One of the great things about receiving so much feedback from the community is that it has helped us to continually improve Gutenberg.

Gutenberg will be the largest and most controversial update ever introduced into core. One thing that’s helped this merge be more successful is the increase of people being able to test it before it’s been live. No other updates have ever had this amount of installs—I believe Gutenberg has over 600,000 installs today. That additional user feedback has been immensely helpful in improving the user interface. The “Try Gutenberg,” messaging plus Bluehost auto installing Gutenberg for all new customers has dramatically increased the number of people testing the plugin. That feedback has helped us to identify where to focus our efforts before the 5.0 update.

As a core contributor hearing all the feedback over the past few months has impacted not only how I see my job, but my reaction to others. It’s important to make sure that people know their feedback is being heard. One complaint I have seen about Gutenberg, is people feeling like their concerns are not being listened to. But as someone working on it, it’s important to let people know we aren’t just making our own decisions, we are listening and we are working on things. Despite some of the  backlash, we always make sure user feedback was incorporated into Gutenberg, which has been evident by the frequent updates and changes.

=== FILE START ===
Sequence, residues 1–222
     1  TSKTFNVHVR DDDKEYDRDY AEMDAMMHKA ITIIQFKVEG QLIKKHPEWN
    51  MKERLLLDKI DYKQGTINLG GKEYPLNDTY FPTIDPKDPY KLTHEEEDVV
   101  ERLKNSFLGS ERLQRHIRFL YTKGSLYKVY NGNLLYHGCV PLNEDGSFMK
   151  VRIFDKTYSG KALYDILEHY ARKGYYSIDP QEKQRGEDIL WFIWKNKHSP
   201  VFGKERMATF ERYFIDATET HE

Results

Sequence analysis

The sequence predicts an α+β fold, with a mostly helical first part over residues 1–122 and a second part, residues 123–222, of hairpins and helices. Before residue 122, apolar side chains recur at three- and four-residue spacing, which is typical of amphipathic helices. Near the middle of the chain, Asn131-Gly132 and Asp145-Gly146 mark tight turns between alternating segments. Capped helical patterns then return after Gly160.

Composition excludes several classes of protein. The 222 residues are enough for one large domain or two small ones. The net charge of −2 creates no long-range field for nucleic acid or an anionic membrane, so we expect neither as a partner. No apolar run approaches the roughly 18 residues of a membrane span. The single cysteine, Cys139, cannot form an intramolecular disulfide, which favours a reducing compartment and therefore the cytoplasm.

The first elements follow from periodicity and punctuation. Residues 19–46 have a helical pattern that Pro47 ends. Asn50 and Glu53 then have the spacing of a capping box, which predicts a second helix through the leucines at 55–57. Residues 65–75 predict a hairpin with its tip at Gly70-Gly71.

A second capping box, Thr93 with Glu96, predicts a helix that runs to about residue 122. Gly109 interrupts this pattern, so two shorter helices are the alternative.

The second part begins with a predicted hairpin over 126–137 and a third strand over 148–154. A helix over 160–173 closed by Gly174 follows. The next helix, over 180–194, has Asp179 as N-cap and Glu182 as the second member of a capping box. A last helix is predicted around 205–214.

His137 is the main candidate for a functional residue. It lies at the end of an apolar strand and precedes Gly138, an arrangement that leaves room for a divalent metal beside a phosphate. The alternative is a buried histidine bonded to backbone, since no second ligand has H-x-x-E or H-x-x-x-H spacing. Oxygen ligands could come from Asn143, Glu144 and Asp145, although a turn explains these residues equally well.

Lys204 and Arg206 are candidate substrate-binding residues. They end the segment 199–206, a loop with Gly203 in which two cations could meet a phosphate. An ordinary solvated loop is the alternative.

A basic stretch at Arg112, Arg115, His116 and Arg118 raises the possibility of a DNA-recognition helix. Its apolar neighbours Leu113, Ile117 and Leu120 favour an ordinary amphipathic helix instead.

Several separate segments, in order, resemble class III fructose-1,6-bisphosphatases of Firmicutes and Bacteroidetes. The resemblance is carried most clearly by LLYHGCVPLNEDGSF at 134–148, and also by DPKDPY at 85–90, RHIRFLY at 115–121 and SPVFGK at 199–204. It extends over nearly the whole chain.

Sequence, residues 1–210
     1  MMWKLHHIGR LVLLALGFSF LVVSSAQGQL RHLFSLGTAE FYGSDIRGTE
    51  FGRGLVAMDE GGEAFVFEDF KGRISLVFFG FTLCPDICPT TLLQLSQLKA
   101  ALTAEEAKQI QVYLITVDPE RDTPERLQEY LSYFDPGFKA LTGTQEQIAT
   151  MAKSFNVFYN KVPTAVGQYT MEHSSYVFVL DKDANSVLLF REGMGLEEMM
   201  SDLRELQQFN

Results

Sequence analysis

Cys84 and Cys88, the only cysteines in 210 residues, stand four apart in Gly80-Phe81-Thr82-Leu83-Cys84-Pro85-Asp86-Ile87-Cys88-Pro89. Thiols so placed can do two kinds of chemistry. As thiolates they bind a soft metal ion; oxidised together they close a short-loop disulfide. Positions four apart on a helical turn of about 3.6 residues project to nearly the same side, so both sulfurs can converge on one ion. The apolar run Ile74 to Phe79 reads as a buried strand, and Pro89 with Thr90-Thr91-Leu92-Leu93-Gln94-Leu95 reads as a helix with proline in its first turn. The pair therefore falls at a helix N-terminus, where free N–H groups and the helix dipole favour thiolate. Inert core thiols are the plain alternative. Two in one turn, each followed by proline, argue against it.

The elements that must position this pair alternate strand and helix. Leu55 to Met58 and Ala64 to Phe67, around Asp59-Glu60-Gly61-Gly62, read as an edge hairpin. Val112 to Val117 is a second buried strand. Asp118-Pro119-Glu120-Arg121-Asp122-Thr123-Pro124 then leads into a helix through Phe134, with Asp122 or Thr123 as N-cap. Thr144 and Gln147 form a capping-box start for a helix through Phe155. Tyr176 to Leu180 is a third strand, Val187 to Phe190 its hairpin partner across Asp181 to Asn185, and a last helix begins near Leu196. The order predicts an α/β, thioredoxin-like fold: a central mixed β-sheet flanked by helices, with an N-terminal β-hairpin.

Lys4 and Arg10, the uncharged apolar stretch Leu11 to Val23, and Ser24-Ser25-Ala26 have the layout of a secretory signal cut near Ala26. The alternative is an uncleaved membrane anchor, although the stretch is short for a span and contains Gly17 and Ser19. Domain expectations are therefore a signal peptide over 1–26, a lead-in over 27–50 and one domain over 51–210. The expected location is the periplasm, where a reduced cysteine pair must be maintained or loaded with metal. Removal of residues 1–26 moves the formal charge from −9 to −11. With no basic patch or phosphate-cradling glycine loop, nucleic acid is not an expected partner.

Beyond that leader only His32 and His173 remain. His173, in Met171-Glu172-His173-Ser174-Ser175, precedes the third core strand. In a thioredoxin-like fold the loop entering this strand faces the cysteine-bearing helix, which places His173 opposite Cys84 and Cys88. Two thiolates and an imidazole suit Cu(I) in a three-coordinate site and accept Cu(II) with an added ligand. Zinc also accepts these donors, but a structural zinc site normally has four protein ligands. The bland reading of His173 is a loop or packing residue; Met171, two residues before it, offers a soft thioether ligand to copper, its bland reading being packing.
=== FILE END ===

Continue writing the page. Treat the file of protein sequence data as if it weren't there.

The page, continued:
I think if we remember that we all want to make WordPress better, it’ll make these growing pains a little easier.

We have done our best to make this a smooth transition for users, but we could have probably done a better job of integrating the accessibility team and the public into the feedback loop. We repeatedly analyzed feedback, made changes, and released updates in a continuous loop that has been in progress for two years now, but there could have been a tighter connection between the accessibility team and the developer team throughout. While this has been challenging at times, it’s strengthened my understanding and knowledge of Gutenberg and the community.

For users looking to help with the project, documentation is a great way to start without having any technical knowledge. We don’t have the best user documentation and there is a huge push for that — there are several people leading that charge to make sure there is good documentation before 5.0 is live.